It is important to acknowledge and face up to all of the past, especially the most disturbing parts, and to learn what impact the past is constantly having on the present. History invites us to explore all aspects of the past and present with a willingness to listen to all perspectives and be open to those with whom you do not agree.

History is not either/or; it is not black or white; it is messy, nuanced and complex, but it is well worth confronting together and finding solutions so we can break out of this dead-end polarization and build a better country.  We understand this is a truth about human relations, so why is it not true for dealing with the nation’s history?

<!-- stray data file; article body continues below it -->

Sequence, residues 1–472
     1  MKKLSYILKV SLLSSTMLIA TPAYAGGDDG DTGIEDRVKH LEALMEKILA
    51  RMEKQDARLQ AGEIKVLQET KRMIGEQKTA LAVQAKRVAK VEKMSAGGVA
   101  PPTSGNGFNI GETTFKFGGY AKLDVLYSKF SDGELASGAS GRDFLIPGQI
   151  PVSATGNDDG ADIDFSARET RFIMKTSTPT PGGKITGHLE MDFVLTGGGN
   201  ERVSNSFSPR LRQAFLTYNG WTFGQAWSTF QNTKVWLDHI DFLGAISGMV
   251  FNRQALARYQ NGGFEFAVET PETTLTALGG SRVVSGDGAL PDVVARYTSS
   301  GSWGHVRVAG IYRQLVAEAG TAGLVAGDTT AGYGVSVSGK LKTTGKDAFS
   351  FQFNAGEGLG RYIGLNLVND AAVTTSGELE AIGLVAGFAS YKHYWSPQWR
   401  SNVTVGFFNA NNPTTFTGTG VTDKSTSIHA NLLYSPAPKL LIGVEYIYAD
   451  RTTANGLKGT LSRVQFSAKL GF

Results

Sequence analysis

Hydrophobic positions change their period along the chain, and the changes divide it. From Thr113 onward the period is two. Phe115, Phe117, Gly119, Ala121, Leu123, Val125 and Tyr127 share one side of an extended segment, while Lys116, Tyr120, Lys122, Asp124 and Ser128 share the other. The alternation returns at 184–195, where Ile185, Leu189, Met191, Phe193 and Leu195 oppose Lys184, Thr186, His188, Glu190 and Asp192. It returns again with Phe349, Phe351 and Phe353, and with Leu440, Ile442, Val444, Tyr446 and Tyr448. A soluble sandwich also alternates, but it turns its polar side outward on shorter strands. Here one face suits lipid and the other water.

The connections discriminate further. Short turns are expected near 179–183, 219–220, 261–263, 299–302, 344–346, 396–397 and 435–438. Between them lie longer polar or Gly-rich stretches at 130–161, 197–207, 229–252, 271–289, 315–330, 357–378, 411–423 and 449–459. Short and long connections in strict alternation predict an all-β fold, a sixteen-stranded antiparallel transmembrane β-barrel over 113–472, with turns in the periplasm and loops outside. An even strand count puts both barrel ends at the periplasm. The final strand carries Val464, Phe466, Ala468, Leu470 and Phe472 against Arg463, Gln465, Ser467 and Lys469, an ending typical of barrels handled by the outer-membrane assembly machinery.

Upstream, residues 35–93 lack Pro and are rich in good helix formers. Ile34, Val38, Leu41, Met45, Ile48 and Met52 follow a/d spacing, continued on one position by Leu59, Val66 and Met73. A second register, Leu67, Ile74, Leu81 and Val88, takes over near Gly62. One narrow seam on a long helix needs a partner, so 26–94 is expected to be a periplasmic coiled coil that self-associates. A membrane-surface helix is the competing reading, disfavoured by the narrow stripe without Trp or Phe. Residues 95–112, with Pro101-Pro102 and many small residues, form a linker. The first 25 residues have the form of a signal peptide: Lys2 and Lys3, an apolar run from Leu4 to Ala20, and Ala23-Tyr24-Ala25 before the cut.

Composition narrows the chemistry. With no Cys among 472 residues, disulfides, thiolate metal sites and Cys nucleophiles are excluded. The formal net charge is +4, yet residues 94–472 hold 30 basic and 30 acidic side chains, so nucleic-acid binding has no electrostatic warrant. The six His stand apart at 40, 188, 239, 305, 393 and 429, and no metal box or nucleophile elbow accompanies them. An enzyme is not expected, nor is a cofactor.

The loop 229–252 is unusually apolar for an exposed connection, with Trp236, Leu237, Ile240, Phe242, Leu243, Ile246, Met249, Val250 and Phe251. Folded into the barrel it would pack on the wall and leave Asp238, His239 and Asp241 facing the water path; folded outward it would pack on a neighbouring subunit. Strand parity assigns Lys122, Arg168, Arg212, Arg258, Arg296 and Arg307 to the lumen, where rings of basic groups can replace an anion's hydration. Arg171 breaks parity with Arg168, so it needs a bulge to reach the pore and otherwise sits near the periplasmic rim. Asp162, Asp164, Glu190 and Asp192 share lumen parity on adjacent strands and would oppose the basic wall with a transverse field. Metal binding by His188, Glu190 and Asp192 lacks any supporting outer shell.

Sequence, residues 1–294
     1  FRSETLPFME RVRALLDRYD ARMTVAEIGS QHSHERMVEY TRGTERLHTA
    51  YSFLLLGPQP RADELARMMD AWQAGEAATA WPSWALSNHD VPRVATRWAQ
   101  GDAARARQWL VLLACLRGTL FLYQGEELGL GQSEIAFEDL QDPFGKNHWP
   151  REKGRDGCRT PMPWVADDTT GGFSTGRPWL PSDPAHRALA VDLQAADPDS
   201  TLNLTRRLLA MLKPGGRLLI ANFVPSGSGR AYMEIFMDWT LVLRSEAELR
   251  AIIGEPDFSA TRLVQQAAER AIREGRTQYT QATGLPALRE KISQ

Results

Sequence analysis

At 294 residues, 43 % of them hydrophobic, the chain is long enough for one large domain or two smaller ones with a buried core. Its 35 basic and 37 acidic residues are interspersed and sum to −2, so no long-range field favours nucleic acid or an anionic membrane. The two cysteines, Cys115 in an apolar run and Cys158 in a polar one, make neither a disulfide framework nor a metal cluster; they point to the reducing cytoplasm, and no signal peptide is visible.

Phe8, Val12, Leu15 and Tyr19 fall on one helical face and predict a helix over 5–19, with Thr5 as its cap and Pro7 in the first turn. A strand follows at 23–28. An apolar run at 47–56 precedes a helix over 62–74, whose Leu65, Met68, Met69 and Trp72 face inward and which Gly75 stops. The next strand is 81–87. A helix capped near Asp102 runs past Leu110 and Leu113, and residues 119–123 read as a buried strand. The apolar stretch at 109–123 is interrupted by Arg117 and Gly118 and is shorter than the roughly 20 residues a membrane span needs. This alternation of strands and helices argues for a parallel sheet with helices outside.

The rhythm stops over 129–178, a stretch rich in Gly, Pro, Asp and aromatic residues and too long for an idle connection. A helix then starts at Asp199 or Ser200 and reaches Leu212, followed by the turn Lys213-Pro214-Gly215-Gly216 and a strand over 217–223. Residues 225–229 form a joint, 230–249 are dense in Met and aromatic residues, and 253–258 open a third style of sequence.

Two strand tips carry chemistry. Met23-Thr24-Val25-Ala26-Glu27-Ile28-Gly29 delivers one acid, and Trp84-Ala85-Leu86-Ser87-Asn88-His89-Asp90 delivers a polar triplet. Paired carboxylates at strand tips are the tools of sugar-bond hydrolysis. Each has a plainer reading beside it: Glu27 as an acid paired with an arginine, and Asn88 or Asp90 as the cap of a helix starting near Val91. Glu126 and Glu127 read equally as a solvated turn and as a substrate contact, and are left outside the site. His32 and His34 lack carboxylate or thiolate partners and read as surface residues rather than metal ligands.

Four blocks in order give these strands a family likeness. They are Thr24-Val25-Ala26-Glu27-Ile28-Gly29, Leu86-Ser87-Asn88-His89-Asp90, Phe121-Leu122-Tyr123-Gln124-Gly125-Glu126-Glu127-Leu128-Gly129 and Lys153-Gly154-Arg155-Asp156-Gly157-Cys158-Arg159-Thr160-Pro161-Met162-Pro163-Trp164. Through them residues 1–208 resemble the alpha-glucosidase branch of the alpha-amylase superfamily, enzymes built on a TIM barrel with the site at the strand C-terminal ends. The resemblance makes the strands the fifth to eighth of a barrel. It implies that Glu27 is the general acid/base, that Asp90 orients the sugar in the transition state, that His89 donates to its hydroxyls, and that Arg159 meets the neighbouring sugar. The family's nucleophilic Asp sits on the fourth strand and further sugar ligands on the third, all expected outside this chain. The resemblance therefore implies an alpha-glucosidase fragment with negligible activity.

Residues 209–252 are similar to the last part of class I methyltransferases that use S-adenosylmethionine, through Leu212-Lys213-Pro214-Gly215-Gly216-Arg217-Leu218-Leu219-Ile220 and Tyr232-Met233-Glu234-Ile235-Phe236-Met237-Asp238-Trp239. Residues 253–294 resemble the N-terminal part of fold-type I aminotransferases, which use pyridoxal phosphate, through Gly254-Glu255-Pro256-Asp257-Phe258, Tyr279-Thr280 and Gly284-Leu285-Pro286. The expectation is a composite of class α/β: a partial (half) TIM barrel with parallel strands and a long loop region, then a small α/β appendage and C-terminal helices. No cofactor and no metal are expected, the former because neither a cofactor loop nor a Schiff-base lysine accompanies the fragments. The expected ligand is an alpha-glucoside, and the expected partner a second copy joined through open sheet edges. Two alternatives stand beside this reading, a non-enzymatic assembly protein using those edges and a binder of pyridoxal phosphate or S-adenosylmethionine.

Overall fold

Contact me at: [email protected] if you have any questions, comments, concerns, or want to speak to me. I would like to hear from you.

Ladd’s by Sagamore Creek. Chips, beer and fun from 1933 until the late 1970’s

Courtesy of Rye Historical Society